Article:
This will blur and redefine the borders between the professional therapeutic side and the administrative financial one. EMR vendors that will skill to realize this sooner will have an advantage in generating ROI for their customers. Just imagine a value based EMR system that helps make care path decisions based on evidence-based protocols leading to shared savings and rewards for the provider. No longer will EMR vendors have to show only administrative productivity to justify their value proposition. New avenues will open up to generate financial gains for providers, adding value in care-path decision support.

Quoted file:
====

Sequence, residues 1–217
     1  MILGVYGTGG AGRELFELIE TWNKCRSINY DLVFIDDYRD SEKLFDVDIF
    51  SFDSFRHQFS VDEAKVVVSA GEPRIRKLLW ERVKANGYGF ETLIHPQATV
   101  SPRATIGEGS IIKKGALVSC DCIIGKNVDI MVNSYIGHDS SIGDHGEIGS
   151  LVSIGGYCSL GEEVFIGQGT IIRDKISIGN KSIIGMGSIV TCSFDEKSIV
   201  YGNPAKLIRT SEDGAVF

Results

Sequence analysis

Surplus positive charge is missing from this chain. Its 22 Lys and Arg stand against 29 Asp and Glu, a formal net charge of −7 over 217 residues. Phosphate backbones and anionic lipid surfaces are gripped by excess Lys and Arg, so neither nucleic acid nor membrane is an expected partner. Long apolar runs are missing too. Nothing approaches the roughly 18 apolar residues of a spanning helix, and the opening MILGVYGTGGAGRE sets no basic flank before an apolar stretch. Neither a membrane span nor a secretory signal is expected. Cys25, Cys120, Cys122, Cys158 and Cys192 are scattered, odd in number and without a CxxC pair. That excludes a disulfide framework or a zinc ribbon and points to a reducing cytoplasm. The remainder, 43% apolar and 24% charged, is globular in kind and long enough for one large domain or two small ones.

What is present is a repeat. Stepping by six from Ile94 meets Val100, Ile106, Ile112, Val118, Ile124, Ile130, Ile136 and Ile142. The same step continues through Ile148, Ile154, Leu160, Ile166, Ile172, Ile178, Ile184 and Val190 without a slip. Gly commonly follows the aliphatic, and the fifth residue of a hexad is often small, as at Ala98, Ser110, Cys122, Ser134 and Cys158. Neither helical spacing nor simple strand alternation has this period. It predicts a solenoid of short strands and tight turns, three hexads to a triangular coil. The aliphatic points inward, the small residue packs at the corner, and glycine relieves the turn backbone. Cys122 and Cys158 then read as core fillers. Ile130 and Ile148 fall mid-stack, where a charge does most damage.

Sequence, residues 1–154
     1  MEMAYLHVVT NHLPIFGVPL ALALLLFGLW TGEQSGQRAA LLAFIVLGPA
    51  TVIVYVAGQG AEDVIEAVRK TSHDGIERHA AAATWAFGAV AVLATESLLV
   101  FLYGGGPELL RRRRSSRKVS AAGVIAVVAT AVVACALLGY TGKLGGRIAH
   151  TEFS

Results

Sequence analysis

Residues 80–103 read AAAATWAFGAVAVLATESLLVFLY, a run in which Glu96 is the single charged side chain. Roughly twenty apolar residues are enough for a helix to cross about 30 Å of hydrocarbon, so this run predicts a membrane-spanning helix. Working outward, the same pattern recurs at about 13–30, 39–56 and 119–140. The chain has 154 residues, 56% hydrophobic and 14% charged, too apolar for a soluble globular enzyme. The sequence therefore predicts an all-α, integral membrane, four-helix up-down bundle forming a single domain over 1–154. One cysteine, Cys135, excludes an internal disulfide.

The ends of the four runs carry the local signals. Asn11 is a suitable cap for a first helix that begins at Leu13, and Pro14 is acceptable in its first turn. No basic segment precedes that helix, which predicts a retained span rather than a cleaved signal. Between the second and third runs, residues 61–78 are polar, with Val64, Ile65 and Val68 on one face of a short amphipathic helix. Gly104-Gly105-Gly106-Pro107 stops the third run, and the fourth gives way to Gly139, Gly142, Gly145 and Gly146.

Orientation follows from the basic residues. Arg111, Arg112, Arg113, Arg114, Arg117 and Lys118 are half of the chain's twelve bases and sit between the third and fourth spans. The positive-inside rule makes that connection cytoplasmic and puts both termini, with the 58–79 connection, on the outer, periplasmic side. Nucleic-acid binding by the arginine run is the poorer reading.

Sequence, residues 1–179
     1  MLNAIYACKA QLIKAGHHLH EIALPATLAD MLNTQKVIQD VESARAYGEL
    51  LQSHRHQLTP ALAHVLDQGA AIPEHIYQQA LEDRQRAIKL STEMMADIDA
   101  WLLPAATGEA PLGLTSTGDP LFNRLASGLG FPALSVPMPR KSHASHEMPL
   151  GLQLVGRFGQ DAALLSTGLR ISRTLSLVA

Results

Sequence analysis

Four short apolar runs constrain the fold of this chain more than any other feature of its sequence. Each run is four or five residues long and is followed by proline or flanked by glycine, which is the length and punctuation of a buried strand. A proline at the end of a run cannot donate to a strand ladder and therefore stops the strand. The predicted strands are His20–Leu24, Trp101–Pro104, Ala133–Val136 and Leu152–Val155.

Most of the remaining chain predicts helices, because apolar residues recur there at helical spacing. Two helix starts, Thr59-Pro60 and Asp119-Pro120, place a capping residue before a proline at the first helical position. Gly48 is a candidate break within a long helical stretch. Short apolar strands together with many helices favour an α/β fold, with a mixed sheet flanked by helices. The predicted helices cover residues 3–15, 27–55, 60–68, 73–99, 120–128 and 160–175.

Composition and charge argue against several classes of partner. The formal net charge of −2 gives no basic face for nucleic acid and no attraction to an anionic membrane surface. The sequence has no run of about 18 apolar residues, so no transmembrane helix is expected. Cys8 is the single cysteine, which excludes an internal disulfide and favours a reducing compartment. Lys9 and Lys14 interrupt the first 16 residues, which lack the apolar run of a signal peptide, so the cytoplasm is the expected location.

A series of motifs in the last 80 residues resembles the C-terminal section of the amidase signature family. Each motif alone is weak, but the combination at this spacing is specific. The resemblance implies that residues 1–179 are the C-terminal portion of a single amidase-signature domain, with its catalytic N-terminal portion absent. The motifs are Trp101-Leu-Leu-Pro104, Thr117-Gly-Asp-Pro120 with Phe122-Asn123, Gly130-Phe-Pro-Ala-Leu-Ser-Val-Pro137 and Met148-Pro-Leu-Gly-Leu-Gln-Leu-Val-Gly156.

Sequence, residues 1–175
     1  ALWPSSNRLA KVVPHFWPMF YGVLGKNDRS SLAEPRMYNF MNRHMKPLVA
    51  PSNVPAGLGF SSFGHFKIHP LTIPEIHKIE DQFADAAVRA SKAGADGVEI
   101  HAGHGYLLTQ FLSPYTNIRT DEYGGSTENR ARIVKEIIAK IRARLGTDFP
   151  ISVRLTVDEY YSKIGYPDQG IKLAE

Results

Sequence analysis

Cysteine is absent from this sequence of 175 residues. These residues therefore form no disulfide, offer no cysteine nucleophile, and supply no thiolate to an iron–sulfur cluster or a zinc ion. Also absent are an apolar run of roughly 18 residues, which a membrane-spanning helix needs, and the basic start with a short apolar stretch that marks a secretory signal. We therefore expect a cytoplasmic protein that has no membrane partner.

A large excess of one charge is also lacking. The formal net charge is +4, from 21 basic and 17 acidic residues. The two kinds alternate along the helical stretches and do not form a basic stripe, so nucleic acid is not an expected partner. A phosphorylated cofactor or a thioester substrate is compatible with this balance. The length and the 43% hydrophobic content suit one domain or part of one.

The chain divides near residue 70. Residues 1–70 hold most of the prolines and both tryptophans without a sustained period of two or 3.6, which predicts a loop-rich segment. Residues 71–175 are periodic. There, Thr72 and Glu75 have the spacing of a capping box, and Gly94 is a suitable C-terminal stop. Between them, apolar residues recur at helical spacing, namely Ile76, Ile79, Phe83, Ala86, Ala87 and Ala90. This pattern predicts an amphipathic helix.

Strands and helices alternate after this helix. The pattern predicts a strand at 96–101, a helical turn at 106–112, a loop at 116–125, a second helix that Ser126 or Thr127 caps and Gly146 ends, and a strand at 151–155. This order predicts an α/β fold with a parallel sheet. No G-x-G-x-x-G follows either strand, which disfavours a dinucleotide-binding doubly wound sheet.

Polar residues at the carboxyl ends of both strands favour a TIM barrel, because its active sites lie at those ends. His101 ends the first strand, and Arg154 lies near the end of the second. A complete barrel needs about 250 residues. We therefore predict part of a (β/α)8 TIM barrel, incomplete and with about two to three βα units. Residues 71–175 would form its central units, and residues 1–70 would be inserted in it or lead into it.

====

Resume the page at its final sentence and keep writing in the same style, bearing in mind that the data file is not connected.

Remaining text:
Evidence base also solidifies the use of patient engagement tools. Since patient engagement tools are used to increase adherence with inter-session practice and generalization, they need to be studied and researched just like any other aspect of the intervention. It will not be enough to provide a nice software that does patient engagement and expect to gain the professional support from practitioners. EMR platforms that will be able to show evidence base that backs their patient engagement capabilities, will prevail to win the support of professionals and not just administrators. eHealth studies today are already making the distinction between adherence promotion and health outcomes. Vendors that will seek to lead the industry in the value based care age, will need to master evidence based capabilities.

Outcome measures